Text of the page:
(Image for Representation)
LHASA: Nepal government has rejected call to use the pandemic lockdown to stage a clean-up of the Mt Everest by the mountaineering regulators in Tibet Autonomous Region (TAR) of southwest China.
The China Tibet Mountaineering Team, China Tibet Mountaineering Association (CTMA) and local expedition organizer Himalayan Expedition are planning to clean up Mt. Everest, Cho Oyu and Shishapangma during the coming climbing season.
The cleanup campaign of the Himalayan peaks will be carried out by these organizations, according to a statement.
China has suspended all foreign expeditions in TAR during the spring climbing season of 2020 due to the fear of In fear of the global spread of COVID-19.
“We believe it’s a good time to deal with the garbage up on the mountains,” said an official from CTMA, Xinhua reported.
On the north side of Mount Everest in 2019, CTMA staff, Chinese guides and local villagers cleared off more than 13 tons of garbage, which was generally classified into domestic waste and mountaineering garbage under a newly-established sorting system.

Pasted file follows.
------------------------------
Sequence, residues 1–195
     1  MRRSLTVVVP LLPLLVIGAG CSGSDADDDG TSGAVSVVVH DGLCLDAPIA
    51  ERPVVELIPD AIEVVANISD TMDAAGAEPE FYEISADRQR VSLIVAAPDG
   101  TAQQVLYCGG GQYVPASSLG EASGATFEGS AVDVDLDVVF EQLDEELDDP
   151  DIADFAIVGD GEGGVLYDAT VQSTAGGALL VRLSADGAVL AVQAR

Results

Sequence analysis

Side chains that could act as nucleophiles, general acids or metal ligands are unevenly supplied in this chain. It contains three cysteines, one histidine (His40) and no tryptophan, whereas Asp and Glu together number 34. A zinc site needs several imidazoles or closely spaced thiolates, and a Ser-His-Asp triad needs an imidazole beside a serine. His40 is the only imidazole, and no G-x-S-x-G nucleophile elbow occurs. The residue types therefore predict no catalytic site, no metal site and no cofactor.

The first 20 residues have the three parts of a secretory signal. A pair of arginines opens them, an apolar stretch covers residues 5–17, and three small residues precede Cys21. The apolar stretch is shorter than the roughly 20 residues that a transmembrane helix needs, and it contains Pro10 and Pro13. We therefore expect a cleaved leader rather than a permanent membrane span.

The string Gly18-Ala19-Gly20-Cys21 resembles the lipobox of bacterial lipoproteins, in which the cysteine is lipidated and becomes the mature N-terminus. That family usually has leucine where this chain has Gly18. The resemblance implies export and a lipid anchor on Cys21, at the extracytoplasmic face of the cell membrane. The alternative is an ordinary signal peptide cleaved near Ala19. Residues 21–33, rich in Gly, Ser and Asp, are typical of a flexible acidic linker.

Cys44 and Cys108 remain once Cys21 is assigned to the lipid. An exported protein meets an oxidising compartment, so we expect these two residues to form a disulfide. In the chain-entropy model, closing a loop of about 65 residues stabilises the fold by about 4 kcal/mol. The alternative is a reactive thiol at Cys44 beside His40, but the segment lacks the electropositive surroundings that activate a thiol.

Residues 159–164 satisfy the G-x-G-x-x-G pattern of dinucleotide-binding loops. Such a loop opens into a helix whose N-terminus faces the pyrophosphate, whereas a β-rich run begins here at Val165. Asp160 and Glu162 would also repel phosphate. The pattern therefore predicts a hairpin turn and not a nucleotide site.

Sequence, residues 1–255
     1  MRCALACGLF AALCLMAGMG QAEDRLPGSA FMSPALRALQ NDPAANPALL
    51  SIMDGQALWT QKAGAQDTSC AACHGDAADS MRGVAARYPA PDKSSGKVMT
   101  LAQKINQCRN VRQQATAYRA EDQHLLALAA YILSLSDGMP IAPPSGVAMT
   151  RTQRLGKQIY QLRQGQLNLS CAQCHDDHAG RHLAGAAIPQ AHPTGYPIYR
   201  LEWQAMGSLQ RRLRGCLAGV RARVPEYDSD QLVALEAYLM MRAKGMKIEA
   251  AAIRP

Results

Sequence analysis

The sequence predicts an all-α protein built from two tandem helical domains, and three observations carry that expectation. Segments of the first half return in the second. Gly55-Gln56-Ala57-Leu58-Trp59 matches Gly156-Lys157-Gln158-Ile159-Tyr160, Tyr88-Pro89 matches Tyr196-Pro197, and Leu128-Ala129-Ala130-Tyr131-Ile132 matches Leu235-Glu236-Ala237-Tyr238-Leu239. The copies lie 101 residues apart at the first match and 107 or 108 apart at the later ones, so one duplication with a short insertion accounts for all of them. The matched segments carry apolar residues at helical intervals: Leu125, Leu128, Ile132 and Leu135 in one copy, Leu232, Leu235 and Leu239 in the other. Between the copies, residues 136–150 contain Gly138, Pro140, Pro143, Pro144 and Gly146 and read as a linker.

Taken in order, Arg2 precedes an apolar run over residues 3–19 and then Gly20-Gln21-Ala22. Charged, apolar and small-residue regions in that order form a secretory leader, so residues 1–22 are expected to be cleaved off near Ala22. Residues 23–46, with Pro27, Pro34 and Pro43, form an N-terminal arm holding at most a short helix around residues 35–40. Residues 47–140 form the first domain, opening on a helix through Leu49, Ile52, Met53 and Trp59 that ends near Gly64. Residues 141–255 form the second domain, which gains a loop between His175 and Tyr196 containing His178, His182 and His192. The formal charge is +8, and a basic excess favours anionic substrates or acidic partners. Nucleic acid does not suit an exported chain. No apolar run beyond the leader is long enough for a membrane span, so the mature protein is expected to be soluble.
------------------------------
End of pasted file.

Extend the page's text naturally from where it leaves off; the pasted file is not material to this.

The last climbing season also saw a reward system put into use for the first time in TAR. Local villagers who volunteered to transport garbage down would get paid according to the weight of the garbage.
“We will maintain the measures that have been proved effective before,” said the official from CTMA.
However, mountaineering organisations say that the coronavirus crisis is a good opportunity to clean-up what is sometimes called the world’s highest garbage dump.
But, Danduraj Ghimire, chief of Nepal’s tourism department told to AFP, “It is not possible this season.”
“The government should let a Nepali team just clean the mountain.
Apart from clearing trash, it would give employment to Sherpas who have lost this season’s income,” said Shanta Bir Lama, head of the Nepal Mountaineering Association.
Last year, a 14-strong team spent six weeks scouring for litter at the Everest base camp and at Camp 4 — nearly 8,000 meters up. They cleared the mountain of four bodies and over 10 tonnes of plastic bottles, cans and climbing equipment.
But many said it was just a fraction of Everest’s rubbish — with the harder to reach camps still littered with abandoned gear.
“With the mountain empty our work would be much easier and faster and we would be able to clear a backlog of trash. There will only be more layers on snow on it next time and work will be harder,” Pasang Nuru Sherpa said.
Foreign climbers pay at least $30,000 in Nepal to tackle Everest but locals say they pay little attention to the environmental fallout.
Nepal levies a $4,000 rubbish deposit for each team to be refunded if each climber brings back eight kilos of waste, but only half return with trash.
(With inputs from Agencies)